MTV, BET pull hack stunt in apparent bid to gain Twitter followers

In an apparent move to gain Twitter followers, sister networks MTV and BET pretended hackers took over their accounts.

Tuesday's publicity stunt came after Burger King and Jeep had their Twitter accounts hijacked by hackers who switched their profiles to show information for their respective rivals McDonald's and Cadillac.

MTV and BET, which are owned by Viacom, pretended the same kind of hacking was happening to their accounts by switching profile photos and logos. MTV became BET, and vice versa.

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The stunt lasted for about an hour until MTV tweeted: "We totally Catfish-ed you guys. Thanks for playing! <3 you, @BET. ;)." That was followed by a tweet from BET that said: "#fakehackedswag !!! salute to @MTV for rockin this!"

The two networks appear to have been motivated to pull the stunt after seeing the number of followers Burger King gained after it was hacked. According to Unmetric, a social media analytics company, Burger King gained nearly 30,000 Twitter followers while it was taken over by a hacker for about an hour.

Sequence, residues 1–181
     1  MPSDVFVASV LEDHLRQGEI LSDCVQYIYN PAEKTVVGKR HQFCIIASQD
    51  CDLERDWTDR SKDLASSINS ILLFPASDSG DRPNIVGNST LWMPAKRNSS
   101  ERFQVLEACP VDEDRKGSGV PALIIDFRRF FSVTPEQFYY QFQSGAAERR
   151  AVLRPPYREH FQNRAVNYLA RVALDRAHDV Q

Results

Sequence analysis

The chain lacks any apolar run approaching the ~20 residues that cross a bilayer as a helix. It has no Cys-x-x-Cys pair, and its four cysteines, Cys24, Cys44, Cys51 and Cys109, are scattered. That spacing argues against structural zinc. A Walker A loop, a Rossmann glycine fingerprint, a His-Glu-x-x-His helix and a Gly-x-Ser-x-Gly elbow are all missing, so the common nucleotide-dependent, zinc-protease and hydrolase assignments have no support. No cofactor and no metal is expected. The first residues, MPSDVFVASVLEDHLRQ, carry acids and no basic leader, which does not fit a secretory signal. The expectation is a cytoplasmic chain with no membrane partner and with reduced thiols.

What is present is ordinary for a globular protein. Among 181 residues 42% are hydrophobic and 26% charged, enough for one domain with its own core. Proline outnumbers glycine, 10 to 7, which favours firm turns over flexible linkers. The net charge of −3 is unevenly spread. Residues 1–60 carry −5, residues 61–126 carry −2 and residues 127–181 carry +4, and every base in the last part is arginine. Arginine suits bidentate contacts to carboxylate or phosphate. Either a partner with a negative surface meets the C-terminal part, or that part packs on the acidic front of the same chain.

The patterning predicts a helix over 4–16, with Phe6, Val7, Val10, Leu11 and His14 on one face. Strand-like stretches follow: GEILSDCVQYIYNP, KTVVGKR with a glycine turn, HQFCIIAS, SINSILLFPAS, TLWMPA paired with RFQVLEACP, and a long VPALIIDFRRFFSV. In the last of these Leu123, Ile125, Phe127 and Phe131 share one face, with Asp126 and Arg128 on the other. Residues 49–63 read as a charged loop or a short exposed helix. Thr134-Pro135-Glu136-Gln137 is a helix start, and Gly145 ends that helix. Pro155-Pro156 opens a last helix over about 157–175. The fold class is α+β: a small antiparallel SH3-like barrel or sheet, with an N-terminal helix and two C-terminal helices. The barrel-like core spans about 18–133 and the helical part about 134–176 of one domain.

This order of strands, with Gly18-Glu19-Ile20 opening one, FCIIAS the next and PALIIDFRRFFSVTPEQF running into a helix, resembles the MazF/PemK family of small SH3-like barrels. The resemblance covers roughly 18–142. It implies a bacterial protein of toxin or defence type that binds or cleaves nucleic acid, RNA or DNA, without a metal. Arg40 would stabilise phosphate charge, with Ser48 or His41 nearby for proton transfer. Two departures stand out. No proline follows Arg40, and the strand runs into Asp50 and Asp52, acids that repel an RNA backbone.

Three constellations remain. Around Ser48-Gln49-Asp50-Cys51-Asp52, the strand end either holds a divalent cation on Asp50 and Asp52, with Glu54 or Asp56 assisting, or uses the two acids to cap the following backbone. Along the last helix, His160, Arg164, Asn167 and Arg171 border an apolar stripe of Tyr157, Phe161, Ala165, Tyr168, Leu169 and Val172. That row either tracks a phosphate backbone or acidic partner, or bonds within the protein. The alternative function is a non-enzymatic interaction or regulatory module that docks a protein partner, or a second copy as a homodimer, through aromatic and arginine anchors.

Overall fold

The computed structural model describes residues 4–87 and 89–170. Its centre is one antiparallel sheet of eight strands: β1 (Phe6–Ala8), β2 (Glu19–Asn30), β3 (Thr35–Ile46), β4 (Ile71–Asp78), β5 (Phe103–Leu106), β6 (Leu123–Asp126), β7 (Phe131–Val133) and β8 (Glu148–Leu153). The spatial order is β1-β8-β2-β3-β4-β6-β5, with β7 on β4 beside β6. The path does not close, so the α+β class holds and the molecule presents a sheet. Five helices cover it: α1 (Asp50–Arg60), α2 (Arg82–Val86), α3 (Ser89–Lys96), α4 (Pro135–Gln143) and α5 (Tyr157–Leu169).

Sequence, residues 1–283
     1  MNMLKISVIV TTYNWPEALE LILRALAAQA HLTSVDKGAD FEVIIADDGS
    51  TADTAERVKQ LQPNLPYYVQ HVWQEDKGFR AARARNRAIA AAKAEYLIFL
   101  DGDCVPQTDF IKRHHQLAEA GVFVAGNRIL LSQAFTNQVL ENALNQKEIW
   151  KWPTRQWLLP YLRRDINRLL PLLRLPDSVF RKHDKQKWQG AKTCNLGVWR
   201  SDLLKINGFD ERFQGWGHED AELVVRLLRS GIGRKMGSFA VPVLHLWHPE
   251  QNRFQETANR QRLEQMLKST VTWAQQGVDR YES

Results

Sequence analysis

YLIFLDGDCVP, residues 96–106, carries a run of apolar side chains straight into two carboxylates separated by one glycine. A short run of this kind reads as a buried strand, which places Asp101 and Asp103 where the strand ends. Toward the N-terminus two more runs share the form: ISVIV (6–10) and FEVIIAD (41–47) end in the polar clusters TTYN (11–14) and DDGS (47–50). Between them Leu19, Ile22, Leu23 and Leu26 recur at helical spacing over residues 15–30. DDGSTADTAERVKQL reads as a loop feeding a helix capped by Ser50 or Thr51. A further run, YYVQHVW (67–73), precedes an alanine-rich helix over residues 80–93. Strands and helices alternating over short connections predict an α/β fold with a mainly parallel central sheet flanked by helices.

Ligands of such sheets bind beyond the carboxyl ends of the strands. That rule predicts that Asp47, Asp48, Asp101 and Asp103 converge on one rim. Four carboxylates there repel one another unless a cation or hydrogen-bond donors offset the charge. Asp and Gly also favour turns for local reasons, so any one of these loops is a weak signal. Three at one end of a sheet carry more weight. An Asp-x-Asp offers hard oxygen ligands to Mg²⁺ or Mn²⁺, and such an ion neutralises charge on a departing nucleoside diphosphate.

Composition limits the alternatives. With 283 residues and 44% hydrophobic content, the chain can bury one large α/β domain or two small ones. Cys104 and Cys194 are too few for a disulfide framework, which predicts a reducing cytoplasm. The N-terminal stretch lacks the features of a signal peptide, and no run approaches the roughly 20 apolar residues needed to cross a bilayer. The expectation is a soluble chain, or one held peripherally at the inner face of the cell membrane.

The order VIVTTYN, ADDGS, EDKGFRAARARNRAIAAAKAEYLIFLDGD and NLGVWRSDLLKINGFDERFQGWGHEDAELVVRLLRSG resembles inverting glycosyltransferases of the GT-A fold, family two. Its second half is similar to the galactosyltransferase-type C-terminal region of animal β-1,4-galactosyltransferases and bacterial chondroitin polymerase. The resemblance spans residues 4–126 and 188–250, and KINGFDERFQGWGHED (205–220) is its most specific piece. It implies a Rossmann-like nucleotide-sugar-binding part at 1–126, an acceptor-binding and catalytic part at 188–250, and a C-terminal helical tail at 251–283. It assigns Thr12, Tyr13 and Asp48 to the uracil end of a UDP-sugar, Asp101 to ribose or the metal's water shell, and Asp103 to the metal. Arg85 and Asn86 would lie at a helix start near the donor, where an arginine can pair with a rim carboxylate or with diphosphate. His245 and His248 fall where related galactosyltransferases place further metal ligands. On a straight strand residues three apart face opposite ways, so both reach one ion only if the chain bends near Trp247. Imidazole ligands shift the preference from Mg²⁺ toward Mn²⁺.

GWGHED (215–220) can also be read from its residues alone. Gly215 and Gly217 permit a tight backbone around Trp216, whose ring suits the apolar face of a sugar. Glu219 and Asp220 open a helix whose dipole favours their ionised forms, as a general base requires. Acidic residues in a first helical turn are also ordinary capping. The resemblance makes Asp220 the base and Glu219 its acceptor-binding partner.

After the Burger King hack, Thomas Fishman, MTV's social media manager, on Monday tweeted: "Is there any real downside to the @BurgerKing hack? Mistake leaving the account suspended all day, would have seen a nice follower windfall."

Although some users enjoyed the fake hack, MTV received negative feedback from other users.

@mtv @bet I wish I had followed you previously so I could unfollow you now.

— IVPvideos (@IVPvideos) February 19, 2013

@mtv @bet we all fell for it, we actually thought maybe MTV was going to put on some music thanks to the hack.

— Daniel Meissner (@Meich) February 19, 2013

Some users also told MTV that they're likely to draw the attention of real hackers as a result of the stunt.

Pretend to get hacked is the best way to get hacked. RT @mtv: We totally Catfish-ed you guys. Thanks for playing! <3 you, @bet. ;)

— Torsten Beeck (@TorstenBeeck) February 19, 2013

@mtv You realize now real hackers are going to specifically target you and we're gonna have to deal with them tweeting about Odd Future.

— Jake Fogelnest (@jakefogelnest) February 19, 2013

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